Why Mike Ashley can’t pull the trigger

Alan Pardew, Newcastle United

As Newcastle United embark on what’s been popularly been dubbed as their renewed ‘French Revolution’ this January, it’s fair to say that their new Gallic recruits are set to embark on a crusade of salvation, rather than a push towards European qualification.

With Montpellier’s Mapou Yanga-Mbiwa becoming the latest Frenchman to join St. James’ Park, following the arrival of Mathieu Debuchy and the expected acquisitions of Yoan Gouffran and Nancy’s Massadio Haidara, owner Mike Ashley can hardly be accused of leaving the club’s current plight unaddressed.

Because if anyone had any lingering doubts about the severity of the Magpies’ situation in the league this season, then last weekend’s 2-1 defeat at home to Reading delivered the most brutal of reality checks.

With Alan Pardew’s side sitting a mere two points above the relegation zone, last season’s giddy memories of a searing fifth placed finish remain firmly just that; memories. The threat of relegation may seem intangible to some given the talents that exist within this Newcastle side, but that painfully tired cliché about the league table and its refusal to lie, couldn’t ring more true.

Far too many of those talents have been either unavailable or performing woefully below the required standard for long parts of this season and judging by the club’s activity in the transfer window this month, the hierarchy aren’t looking to take any chances, either.

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Would the aforementioned quartet of players have necessarily arrived regardless of the side’s current lowly league position? Whether you call it making up for a poor summer transfer period or simply throwing Pardew the tools he needs to get out of a relegation mire, you can’t help but feel their precarious position might have catalyzed a slightly more excessive January spend than what you’d normally expect.

Although while the club may be looking to right some of the wrongs that currently exist within the playing staff, there is one perceived wrong that they shouldn’t even think about addressing.

While Mike Ashley took his fair share of critique and ridicule following the news that the club had handed Alan Pardew and the rest of his coaching staff a staggering set of eight-year deals, no one could have possibly expected quite how badly Pardew would subsequently pay him back. Newcastle’s sticky situation of late boils down to a lot more than mistakes made by the ex-Charlton Athletic man, although Pardew’s excuses are beginning to run thin.

The defeat to Reading was by no means a mortal blow to the Magpies’ season, although it certainly signaled an irrepressible change from palpable frustration to all-out anger, amongst some pockets of supporters.

Regardless of the form and fitness issues Newcastle have faced this season, Pardew has no one else to blame for the negative tactics and often baffling substitutions that have played their part in the side’s downfall this term. Taking off a rampaging Sylvain Marveaux for James Perch with the side only 1-0 up last weekend, seemed a fitting doff of the hat for Pardew’s often uninspiring tactical changes this term. Every manager makes mistakes and Pardew was happy to hold his hands up for the Marveaux one. But there are only so many more mistakes he’s going to be able to afford to make.

But despite calls from the more disenchanted section of Newcastle fans for drastic measures from Mike Ashley and co, even if they loose away to Aston Villa next week, the club shouldn’t entertain the idea of pulling the trigger on Pardew’s rollercoaster managerial reign.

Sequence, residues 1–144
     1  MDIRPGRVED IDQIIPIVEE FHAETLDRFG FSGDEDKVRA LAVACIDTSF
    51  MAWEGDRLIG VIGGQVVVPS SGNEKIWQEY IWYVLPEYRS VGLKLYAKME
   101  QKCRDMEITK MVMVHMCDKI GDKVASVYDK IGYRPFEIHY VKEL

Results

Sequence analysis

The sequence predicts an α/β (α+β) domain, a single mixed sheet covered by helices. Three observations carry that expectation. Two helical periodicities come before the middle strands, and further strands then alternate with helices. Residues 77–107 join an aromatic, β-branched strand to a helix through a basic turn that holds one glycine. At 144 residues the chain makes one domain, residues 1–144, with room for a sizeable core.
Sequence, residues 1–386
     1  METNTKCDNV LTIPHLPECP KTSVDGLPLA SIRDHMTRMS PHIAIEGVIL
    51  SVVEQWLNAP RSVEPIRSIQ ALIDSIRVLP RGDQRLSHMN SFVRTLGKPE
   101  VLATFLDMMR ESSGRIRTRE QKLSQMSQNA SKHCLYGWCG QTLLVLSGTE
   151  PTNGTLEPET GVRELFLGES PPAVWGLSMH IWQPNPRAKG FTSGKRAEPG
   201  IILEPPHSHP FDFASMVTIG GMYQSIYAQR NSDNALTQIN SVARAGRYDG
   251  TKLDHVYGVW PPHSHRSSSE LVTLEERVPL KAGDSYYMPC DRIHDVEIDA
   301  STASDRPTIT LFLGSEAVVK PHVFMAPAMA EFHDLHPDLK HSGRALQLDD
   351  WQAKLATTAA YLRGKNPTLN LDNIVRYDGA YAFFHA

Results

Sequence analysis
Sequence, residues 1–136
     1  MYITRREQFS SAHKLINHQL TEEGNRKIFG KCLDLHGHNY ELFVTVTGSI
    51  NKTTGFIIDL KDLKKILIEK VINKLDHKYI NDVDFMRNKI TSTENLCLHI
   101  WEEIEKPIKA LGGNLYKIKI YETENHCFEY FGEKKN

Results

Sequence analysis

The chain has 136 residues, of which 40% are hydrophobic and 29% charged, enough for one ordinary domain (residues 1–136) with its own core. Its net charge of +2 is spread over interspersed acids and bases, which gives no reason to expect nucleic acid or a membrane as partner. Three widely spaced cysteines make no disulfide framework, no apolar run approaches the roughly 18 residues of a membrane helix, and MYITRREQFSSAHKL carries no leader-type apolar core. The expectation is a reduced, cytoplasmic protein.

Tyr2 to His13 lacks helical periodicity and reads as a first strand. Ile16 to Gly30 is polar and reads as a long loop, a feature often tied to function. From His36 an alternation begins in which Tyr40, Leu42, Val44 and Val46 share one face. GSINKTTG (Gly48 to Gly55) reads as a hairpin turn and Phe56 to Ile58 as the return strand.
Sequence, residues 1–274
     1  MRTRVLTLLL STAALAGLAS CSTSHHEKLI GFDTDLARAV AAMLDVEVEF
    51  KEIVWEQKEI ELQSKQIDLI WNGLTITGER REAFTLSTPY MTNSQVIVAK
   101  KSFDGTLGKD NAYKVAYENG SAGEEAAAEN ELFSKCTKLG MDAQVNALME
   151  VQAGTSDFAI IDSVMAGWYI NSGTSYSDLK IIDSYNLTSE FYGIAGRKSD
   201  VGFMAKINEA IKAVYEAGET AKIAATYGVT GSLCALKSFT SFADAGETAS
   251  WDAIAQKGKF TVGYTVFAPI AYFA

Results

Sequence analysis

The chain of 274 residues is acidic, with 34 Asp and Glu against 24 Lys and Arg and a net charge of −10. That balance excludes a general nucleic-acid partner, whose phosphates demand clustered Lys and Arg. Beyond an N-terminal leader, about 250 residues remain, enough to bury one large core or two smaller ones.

If the tides of support began to wane after the Reading defeat, then you get expect something approaching an all-out drought should Newcastle go down to Paul Lambert’s men at Villa Park. A loss would see them slip to two points below Villa and should Reading or Wigan Athletic win, then a spot in the relegation zone awaits.

Pardew’s seemingly never-ending row of excuses for the side’s poor form has been a real bone of contention with some supporters, but his pleas for sympathy aren’t without foundation. The talismanic duo of Yohan Cabaye and Hatem Ben Arfa have simply missed far too many games this season, but with Cabaye now back in the side and Ben Arfa set to imminently return, the club have arguably its two finest players now back in the fold. The impact of that cannot be downplayed.

Furthermore, the additions of the likes of Debuchy and Yanga-Mbiwa aren’t potshot transfer panic buys brought in a relegation-threatened haze. In Debuchy, Newcastle have acquired France’s first choice left-back of Euro 2012 and in Yanga-Mbiwa, they’ve snapped up a classy defender who captained Montpellier to Ligue One success last season.

This isn’t some ‘Football Manager’ approach to the transfer market – the club are bringing in well scouted, top level players, with the only criticism being that they should have been snapped up five months earlier. Their January acquisitions have the capacity to make a huge impact upon Newcastle’s season, but Pardew must be the man to ease them into this squad.

It’s not as if the Premier League needed reminding, but Nigel Adkins’ recent dismissal at Southampton shows just how little substance a Premier League chairman needs to wheel out the managerial guillotine. But for all his faults at Newcastle United do supporters really want to go down the Southampton route for the rest of the season?

Let Pardew fight it out with the squad that he helped construct with the players he’s looked to bring in this January. There’s a lot of football left to be played in this league and with the imminent arrivals and returning players that he’s got at his disposal, Pardew’s got enough time to turn things around. Regardless of how many of those eight years he might see out, now is not the time to rip that contract up. Not just yet, anyway.